“Protecting animal welfare has been a priority of mine since my time in the New York State Assembly,” said Malliotakis. “I’m proud to continue to protect those without a voice by joining my colleagues in introducing legislation that would require the USDA to publicly report all animal welfare violations, remove animals from abusive environments and hold animal abusers accountable once and for all with strict penalties.”

Goldie’s Act is named in honor of Goldie, also known as “female Golden Retriever #142,” who was one of the hundreds of dogs who endured prolonged and extreme suffering while in the care of a puppy mill.

Hochul Signs Kaplan’s Legislation Supporting New York Small Businesses

Governor Kathy Hochul
State Sen. Anna Kaplan

Governor Kathy Hochul yesterday signed a package of legislation authored by Senator Anna M. Kaplan (D-Long Island) that will help small business owners to cut through red tape and navigate State Government bureaucracy, and ensure that every small business owner is aware of the free resources that are available to them. 

The first bill, S.33/A.3456, will create a small business liaison within the Departments of Agriculture and Markets, Environmental Conservation, Labor, Transportation, and Taxation and Finance to assist and advocate for small businesses. The second bill, S.113a/A.6508a requires New York’s Secretary of State to send a list of helpful resources for small businesses to anyone who files a new business name or new LLC name.

“After helping my mom start a flower shop, I know how much hard work and dedication it takes to operate a small business,” said Hochul. “Small businesses have been hit hard over the past two years, and New York must do everything in our power to help them survive – and thrive. This legislative package will ensure State government can continue to be a partner and an advocate for small businesses across New York.”

Kaplan, chair of the New York State Senate Committee on Commerce, Economic Development, and Small Business, said small businesses have it hard enough as it is, so the government needs to do as much as it can to make life easier for them, and help them to access all the vital programs and services that are available.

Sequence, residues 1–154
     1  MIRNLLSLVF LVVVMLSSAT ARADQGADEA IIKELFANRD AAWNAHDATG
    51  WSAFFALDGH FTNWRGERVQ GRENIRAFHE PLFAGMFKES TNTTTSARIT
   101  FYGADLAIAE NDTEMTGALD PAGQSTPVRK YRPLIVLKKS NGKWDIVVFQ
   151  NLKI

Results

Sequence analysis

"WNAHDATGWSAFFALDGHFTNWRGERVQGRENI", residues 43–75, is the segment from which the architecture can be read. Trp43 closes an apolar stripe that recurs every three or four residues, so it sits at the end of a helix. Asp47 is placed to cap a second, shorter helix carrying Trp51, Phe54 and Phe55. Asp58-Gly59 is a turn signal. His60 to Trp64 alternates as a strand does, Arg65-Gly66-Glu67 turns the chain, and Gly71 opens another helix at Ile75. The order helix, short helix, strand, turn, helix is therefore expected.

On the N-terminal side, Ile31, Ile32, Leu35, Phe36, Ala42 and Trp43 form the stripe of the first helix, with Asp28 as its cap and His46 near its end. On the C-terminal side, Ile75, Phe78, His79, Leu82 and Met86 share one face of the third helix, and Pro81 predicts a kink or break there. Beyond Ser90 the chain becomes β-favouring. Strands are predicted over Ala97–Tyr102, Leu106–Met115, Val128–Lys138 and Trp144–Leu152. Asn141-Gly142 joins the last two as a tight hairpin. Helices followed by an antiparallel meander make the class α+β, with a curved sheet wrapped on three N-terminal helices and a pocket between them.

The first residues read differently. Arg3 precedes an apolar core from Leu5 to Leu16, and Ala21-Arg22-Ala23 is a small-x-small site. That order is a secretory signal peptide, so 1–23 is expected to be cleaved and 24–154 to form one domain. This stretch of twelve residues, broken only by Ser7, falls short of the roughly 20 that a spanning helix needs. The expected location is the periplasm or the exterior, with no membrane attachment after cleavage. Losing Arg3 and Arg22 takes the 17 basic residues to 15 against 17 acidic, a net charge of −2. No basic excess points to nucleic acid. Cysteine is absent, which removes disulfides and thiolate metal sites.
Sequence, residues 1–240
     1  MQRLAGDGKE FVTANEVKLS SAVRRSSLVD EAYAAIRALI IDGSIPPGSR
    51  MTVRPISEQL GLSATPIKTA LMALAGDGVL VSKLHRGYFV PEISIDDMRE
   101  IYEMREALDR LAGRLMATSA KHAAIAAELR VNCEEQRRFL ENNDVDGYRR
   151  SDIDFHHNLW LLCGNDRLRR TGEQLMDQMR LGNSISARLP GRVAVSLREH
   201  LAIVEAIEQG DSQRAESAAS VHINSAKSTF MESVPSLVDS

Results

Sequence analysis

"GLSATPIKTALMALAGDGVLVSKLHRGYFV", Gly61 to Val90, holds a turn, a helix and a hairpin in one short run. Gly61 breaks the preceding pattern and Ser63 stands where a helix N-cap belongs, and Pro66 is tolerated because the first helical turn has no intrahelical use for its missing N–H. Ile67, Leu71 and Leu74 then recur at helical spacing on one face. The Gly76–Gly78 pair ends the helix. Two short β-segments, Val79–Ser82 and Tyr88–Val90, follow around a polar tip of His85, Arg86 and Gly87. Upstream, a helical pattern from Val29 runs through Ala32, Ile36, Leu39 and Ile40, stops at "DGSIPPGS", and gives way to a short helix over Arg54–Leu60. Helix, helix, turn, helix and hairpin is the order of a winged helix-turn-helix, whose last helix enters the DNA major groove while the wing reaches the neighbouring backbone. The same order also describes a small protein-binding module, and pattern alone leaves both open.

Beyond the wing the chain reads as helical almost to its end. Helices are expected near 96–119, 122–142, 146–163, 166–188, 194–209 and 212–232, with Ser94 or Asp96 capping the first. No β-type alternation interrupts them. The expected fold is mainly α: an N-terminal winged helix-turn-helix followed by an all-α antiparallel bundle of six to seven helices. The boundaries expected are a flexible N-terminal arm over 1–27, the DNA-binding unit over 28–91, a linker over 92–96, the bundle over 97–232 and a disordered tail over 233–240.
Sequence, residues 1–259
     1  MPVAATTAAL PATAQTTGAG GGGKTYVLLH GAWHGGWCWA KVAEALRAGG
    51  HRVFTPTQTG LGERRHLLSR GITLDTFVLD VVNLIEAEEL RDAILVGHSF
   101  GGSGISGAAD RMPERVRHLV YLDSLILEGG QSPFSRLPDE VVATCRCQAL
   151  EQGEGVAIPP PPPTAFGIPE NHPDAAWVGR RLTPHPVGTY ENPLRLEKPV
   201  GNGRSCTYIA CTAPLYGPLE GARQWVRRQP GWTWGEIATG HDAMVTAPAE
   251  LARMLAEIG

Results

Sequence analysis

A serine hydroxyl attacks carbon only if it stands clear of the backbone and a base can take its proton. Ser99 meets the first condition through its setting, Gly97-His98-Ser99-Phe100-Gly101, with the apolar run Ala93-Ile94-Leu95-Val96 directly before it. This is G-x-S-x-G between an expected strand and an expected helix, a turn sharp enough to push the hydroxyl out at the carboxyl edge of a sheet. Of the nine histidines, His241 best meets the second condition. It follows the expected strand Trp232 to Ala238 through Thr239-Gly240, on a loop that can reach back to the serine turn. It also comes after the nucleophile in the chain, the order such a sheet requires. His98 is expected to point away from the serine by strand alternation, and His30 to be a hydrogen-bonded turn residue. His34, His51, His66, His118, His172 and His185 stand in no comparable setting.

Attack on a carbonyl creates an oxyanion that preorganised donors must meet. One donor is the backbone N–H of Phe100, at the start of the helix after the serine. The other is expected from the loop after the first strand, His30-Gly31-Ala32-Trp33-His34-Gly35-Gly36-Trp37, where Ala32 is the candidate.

“By creating small business liaisons within State agencies, and providing every new business with a list of resources available to them, we can help small business owners to better navigate bureaucracy, and have the best chance at success,” said Kaplan.

Espaillat on the Reopening of Elevators at 181 Street Station 

U.S. Rep. Adriano Espaillat

U.S. Rep. Adriano Espaillat (D-Manhattan/Bronx) yesterday lauded the completion of the elevator replacement project at the 181 Street Subway Station, which is a 1-train stop in his district.

“I commend the MTA on today’s announcement to reopen the 181 Street 1 Station following completion of elevator replacements that was not only completely successfully, but ahead of the anticipated timeframe to provide upgraded services and direct access to our residents,” said Espaillat (NY-13). “The station sits at the center of an important transit hub adjacent to the vibrant 181st St. commercial district, a number of bus connections to the Bronx, and a number of schools. The MTA worked closely with my office and other local leaders to make certain that alternative transit services were available for residents and our neighbors who regularly use the station.”

The 181 Street 1 Station project included the full replacement of four elevators at the station, providing direct access to the northbound platform. Also included in this project was the installation of a new LiftNet system that will improve incident response time and a battery back-up system that will allow customers to exit the station by elevators, even during a power outage. A new CCTV camera system was installed, including two CCTV cameras per elevator along with a new fire alarm system.  

The completion at 181 Street signals the end of the broader elevator replacement work at five separate “deep” stations in the Washington Heights section of Manhattan. For many customers, the elevators are utilized both for accessing the subway as well as more easily traversing the neighborhood’s unique, steep topography.